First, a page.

Of course, some pastures are greener than others. Change is coming fast after the biggest real estate deal in history, $5.4 billion for Stuyvesant Town and Peter Cooper Village, with a sudden surge of rent increases and eviction proceedings. All of this is happening in the vertical suburbs of affordable middle class housing on the East River, a high-rise urban Levittown down where bathtubs used to be in the kitchens of railroad flats. Buyer and seller are making out like bandits. A big chunk of that $5 billion dollar price tag is made up of land and streets acquired with massive tax breaks and eminent domain. What is the tax rate of return on Manhattan land for free? Chances are it won’t show on MetLife’s taxes. So what’s happening out where the buffalo roam (they do you know) out near the end of Roanoke Avenue in Riverhead…where the Hamptons meet the North Fork? Well, things are going to get all shook up pretty soon. The dirty little secret of all those real estate stores up and down the street in Bridgehampton, East Hampton, Southampton and even Westhampton Beach, is that if they aren’t Prudential and they aren’t independent they are all a Cendant spin-off–Corcoran, Coldwell Banker, Century 21, Sotheby’s, Allan M. Schneider, the lot. And by the way, Cendant is a company with a history and a reputation almost as good as, say, a real estate broker, or a used car salesman. Former Cendant chairman Walter Forbes has been sentenced to 12 years in federal prison and ordered to pay more than $3 billion in restitution. At least one big broker has opted out of the corporate giant in the Hamptons in favor of ReMax. But too many storefronts, with too many agents, who suddenly have a growing inventory of houses to sell and not many customers to buy them, at least not at anything like the asking price, is going to lead to a big shake out. Too many offices, too many agents, and not enough commissions to go around means something has to give, like the surplus of real estate offices and real estate agents. Just how bad is the housing market? Nationwide, new home sales dropped 17 percent, the worst since 1990. Home sales in the Hamptons dropped almost 25 percent. And prices? The Andy Warhol estate in Montauk reportedly finally sold for $30 Million, after years on the market with an asking price of $50 million. And a whole lot of north of the highway prices went way south.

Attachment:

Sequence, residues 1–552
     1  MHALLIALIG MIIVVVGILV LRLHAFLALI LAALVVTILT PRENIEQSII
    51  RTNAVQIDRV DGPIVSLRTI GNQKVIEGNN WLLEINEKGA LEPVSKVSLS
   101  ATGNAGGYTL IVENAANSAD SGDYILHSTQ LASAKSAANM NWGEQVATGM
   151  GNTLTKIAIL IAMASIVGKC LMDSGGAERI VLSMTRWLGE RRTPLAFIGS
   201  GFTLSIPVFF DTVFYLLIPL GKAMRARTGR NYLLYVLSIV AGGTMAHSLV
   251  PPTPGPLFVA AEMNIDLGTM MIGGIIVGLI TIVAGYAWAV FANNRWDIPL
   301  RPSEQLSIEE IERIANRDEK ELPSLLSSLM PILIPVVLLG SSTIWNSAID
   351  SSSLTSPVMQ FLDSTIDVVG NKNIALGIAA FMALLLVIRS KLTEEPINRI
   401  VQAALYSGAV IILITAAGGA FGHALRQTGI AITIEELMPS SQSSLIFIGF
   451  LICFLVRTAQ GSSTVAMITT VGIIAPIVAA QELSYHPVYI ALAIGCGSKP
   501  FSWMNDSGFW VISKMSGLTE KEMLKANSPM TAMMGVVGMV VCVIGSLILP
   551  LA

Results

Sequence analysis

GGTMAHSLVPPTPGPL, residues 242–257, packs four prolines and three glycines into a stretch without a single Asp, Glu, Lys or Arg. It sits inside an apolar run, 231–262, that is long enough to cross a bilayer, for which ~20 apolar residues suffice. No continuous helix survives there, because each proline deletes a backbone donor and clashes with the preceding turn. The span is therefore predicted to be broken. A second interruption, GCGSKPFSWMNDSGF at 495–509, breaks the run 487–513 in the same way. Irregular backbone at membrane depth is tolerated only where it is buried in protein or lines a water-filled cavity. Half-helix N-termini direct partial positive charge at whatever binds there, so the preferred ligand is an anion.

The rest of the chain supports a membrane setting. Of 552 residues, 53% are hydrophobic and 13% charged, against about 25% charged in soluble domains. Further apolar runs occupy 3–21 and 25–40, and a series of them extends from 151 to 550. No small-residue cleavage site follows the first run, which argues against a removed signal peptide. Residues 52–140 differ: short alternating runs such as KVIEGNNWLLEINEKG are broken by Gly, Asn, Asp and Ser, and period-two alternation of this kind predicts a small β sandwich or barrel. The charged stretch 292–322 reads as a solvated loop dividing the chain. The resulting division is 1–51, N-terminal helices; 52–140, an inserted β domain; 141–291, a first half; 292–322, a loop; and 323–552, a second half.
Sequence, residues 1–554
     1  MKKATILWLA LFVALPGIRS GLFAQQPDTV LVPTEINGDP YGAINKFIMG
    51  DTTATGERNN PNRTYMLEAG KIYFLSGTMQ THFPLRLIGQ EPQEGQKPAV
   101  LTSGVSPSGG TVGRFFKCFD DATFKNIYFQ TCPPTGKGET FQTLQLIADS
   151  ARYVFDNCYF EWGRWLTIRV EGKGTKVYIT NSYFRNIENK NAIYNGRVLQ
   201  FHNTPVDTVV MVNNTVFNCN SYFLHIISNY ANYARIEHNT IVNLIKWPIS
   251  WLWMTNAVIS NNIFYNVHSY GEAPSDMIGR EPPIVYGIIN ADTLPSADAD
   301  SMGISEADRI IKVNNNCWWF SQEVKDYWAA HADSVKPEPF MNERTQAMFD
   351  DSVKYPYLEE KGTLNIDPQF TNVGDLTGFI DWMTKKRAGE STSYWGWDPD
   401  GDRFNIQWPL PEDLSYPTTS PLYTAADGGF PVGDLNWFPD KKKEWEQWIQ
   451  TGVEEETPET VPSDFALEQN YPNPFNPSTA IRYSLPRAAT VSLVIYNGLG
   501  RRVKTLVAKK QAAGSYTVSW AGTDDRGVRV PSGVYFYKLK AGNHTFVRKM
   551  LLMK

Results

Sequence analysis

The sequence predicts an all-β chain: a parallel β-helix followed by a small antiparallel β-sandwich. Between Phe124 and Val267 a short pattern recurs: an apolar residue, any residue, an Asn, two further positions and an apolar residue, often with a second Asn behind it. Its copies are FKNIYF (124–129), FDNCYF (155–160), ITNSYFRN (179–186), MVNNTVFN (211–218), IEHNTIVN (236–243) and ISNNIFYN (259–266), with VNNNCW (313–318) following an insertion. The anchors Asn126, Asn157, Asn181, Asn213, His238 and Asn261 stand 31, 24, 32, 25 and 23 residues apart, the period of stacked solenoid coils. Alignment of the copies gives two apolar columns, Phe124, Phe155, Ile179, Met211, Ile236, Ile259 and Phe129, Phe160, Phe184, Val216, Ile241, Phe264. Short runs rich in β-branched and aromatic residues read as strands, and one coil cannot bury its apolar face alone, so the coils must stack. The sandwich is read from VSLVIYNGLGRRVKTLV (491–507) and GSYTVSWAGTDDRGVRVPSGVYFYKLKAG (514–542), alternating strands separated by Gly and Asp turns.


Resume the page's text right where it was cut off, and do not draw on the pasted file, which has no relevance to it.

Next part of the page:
Fear not, there are knights on white horses ready to ride in and save the real estate market in the city and Hamptons beaches. They are knights of Wall Street, the ultimate bonus babies. The big investment banks spread around about $36 billion dollars in bonuses at the end of 2006. It was a very good year on Wall Street, and the swinging cod pieces that work there. They’ve got enough money to make it worth following. But they are not buying budget properties.
Don’t look for the low end, low value, and overpriced to leap off the shelves as it sometimes seemed they did over the last few years.
Remember, the ultimate uber-broker, Barbara Corcoran, took the big real estate challenge on one of the network morning news shows recently. She picked a house for sale. She puffed it, and fluffed it and buffed it with every trick of the trade, as only Barbara Corcoran (founder and eventually seller of Corcoran Real Estate, what does that tell you?) can. She pumped it on national television as well as every other medium to be found. The result: no sale. The lesson: Brokers sell brokers. Houses sell houses. Brokers with good contacts get good houses and house hunters with money. People buying $16 million houses and $32 million dollar houses may or may not pick their brokers but they do pick their own houses. So do a lot of buyers with a lot less money. A very educated city broker, who also buys and sells houses in the Hamptons, says to showing brokers, “Show me your exclusives. Show me open listings.” The subtext is, “If I want to see another broker’s exclusives, I’ll call them. Cut out the middleman in the negotiations, and in the deal.” How bad can that advice be?